Thursday, November 3, 2011

What if Greece Just Says No?

I've been trying to figure out what happens if Greece simply defaults.

It's easy to dismiss the cries of protest emanating from the Greek populace about the terms imposed by the European leaders as part of a bailout package.

After all, the thinking goes, the Greeks lived well beyond their means for many years. Borrowing levels soared, and a corrupt and in-bred government did little if anything to improve basic government functions like tax collections.

And yet, the terms of last week's deal are incredibly draconian. Greece is expected to accept austerity measures for the next 10 years. Unemployment will soar, probably in excess of 20%, for years to come. Public services will be cut and the standard of living of most Greeks will deteriorate further.

All this so the big European banks can be repaid for loans that never should have been made to begin with.

I'm not defending Greece - they could have stopped this train wreck long ago - but I am also questioning whether the medicine is more than most populations would reasonably be expected to take.

A number of commentators have begun to say maybe Greece should just default. Yes, the near term consequences could be dire, but longer term the country could wind up ahead.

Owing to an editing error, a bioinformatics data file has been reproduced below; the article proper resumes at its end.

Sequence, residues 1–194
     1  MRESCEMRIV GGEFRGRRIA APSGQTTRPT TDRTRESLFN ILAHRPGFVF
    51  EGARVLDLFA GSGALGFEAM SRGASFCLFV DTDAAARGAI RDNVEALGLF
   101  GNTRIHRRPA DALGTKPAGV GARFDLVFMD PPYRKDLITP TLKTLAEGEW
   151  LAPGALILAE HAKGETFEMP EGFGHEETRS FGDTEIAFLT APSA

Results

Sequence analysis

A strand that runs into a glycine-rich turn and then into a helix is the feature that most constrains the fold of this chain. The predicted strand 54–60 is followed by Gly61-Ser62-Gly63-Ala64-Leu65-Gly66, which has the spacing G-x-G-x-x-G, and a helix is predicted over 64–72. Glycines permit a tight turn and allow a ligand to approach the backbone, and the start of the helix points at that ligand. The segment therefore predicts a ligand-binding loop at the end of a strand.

Iceland, for example, told its bank creditors to take a hike back in 2008 when it was in the middle of its own credit crisis. As Bloomberg news wrote earlier this year:

Unlike other nations, including the U.S. and Ireland, which injected billions of dollars of capital into their financial institutions to keep them afloat, Iceland placed its largest lenders in receivership. It chose not to protect creditors of the country's banks, whose assets had ballooned to $209 billion, 11 times gross domestic product.

And where is Iceland today? Quoting Bloomberg:

In the beginning, banks and other financial institutions in Europe were telling us 'Never again will we lend to you' {one Iceland official} said. "Then it was 10 years, then 5. Now they say they might soon ready to lend again"

The political winds are considerably different than 2008, when the world was told that we were facing financial Armageddon if the banks were not bailed out.

At this point I think the risks are much greater for French and German banks - and I think that Greek Prime Minister Papandreou had figured this out long ago.